Different Manufacturers Of The Same Drug

Answered by Jim Beahrn

Our pharmacist answers the latest question regarding differences in different manufacturers of the same drug.

Question

I have been currently taking nortriptyline 50mg for about a year, the manufacturing has changed at my pharmacy and I am receiving a different color pill. I've noticed I haven't been able to sleep for about a month. My doctor told me the reason I cannot sleep was the change is manufactures, is that possible?
By Leslie - Edited

Answer

Many generic drugs are made by multiple manufacturers and may contain different inactive ingredients. In your question, you mention nortriptyline. Nortriptyline has no less than 5 different manufacturers making the drug. All generic versions approved by the FDA must contain the same amount of active ingredient when compared to the brand name drug and the other generics. The medication must also be tested to show that is has the same "bioavailability" as the other products. This means that all versions of the product must be tested to have the same rate and extent of absorption in the body.What is different about each product is that they can contain different inactive ingredients, or fillers. Let's take a look at two different versions of nortriptyline 50 mg.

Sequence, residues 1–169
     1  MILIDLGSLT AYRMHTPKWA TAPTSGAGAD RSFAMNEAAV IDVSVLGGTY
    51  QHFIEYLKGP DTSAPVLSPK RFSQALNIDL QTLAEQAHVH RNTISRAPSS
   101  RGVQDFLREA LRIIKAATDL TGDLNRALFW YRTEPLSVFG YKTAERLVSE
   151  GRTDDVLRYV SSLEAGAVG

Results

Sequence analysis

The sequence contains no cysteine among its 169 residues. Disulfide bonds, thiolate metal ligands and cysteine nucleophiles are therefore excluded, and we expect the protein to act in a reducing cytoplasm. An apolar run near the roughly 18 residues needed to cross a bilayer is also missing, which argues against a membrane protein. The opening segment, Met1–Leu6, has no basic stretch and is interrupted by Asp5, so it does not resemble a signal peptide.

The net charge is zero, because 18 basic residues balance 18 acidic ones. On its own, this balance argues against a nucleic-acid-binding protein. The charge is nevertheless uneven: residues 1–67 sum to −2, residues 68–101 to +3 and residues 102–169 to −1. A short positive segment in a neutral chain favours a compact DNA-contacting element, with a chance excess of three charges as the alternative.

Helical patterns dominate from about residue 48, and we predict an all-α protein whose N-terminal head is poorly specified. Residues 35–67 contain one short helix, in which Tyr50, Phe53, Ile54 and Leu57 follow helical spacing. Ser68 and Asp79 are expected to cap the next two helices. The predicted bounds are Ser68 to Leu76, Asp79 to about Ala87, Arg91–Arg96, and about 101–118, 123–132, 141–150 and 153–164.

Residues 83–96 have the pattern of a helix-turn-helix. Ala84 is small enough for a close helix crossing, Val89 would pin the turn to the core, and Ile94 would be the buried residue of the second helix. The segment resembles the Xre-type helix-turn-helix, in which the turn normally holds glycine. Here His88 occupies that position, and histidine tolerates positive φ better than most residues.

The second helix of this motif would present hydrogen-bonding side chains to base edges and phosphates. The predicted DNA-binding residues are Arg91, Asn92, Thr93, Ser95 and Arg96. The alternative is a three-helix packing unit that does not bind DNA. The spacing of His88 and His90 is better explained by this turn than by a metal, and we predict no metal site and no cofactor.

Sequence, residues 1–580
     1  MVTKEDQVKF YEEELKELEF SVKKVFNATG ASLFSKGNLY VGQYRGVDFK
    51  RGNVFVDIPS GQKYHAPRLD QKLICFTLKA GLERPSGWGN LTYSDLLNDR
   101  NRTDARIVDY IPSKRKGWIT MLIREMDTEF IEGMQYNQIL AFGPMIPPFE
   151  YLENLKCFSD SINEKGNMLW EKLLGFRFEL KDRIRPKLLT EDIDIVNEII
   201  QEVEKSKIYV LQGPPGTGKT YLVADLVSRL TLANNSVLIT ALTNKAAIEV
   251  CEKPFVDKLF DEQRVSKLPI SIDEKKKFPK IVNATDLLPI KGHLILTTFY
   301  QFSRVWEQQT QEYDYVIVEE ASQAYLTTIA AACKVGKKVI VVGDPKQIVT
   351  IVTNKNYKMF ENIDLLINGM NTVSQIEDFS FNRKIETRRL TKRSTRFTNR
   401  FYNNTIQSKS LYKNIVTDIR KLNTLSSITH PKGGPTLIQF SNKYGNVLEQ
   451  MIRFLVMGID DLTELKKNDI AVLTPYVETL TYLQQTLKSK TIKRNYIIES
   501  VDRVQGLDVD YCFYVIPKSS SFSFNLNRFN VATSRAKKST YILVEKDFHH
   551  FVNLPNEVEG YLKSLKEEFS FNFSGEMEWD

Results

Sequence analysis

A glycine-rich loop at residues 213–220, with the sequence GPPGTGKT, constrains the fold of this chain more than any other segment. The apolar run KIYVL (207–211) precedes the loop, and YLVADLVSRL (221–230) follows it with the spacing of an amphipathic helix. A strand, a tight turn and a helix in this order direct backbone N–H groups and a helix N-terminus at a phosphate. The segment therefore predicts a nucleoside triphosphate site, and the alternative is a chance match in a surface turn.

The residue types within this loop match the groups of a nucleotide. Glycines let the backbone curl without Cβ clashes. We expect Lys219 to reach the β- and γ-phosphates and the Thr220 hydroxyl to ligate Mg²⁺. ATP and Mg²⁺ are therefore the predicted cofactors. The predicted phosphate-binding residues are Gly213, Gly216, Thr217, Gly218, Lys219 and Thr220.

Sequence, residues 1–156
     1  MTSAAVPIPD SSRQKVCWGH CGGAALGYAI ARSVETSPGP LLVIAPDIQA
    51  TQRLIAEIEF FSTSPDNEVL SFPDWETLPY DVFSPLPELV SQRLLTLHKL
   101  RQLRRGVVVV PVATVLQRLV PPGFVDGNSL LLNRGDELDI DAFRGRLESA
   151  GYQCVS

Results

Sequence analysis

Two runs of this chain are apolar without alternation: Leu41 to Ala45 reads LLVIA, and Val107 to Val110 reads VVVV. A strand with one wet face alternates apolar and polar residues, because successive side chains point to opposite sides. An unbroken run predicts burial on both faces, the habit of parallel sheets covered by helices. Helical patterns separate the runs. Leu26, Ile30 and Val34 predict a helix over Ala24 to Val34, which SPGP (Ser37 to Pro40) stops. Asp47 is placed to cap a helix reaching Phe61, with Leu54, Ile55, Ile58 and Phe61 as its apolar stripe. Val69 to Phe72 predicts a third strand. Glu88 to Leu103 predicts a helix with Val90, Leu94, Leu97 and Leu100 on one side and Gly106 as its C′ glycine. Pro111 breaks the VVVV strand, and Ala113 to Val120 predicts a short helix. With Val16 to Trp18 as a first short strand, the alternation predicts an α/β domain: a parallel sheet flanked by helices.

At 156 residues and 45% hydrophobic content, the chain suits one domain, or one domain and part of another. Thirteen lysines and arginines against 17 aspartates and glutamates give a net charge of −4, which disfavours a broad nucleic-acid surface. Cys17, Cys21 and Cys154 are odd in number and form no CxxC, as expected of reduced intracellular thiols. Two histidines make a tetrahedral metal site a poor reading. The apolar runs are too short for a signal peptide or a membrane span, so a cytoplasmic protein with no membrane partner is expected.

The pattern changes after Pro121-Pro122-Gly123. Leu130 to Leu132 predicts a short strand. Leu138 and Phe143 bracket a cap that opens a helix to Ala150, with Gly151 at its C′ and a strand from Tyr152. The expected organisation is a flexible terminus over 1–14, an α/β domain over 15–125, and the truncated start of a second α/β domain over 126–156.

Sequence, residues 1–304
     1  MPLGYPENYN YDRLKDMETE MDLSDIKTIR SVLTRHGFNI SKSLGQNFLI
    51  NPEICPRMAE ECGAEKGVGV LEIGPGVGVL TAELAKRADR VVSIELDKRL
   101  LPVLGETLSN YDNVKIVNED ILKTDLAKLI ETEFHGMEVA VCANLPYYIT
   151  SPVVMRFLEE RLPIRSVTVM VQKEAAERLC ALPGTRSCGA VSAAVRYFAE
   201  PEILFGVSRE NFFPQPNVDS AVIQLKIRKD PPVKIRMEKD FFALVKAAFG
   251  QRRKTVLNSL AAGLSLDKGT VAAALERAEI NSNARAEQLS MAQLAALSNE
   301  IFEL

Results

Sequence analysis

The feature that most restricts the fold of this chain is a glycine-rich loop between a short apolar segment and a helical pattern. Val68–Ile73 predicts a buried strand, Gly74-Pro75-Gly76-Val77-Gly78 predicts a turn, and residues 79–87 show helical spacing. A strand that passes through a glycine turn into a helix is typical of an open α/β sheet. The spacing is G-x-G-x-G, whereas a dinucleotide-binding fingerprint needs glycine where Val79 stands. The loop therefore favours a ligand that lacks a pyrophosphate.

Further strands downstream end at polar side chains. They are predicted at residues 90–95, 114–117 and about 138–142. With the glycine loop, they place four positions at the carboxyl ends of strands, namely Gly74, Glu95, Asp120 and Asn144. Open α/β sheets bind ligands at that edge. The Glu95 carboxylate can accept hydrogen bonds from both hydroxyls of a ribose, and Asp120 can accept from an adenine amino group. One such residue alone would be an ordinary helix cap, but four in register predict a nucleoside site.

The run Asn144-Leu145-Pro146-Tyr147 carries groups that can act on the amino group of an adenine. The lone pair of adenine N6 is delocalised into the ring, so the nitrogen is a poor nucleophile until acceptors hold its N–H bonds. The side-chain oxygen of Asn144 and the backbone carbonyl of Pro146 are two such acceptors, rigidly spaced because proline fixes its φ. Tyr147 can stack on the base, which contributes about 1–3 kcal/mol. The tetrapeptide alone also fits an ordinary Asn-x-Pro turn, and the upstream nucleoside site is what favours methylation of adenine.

Actavis

  • Benzyl Alcohol
  • Butylparaben
  • Edetate Calcium Disodium
  • Gelatin
  • Magnesium Stearate
  • Methylparaben
  • Pregelatinized Starch
  • Propylparaben
  • Silicon Dioxide
  • Silicon Dioxide (Colloidal)
  • Sodium Lauryl Sulfate
  • Sodium Propionate
  • Titanium Dioxide

Actavis Nortriptyline

Teva

  • Corn Starch
  • D&C Yellow No. 10
  • FD&C Blue No. 1
  • FD&C Blue No. 2
  • FD&C Red No. 40
  • FD&C Yellow No. 6
  • Ferric Oxide
  • Gelatin
  • Methylparaben
  • Propylene Glycol
  • Propylparaben
  • Shellac
  • Silicone
  • Sodium Lauryl Sulfate
  • Titanium Dioxide

Teva Nortriptyline

​We can see that they both contain significantly different inactive ingredients. Many times a patient can react differently to one of these inactive ingredients when they are used to taking something else. It isn't very common that someone has a problem, but it does happen. All approved generics are classified as therapeutically substitutable​ per the FDA, so the pharmacy has done nothing wrong. They should let you know of course any time there is a change. I would recommend letting your pharmacy know that you are having a problem and hopefully they can get you the manufacturer that you had in the past.

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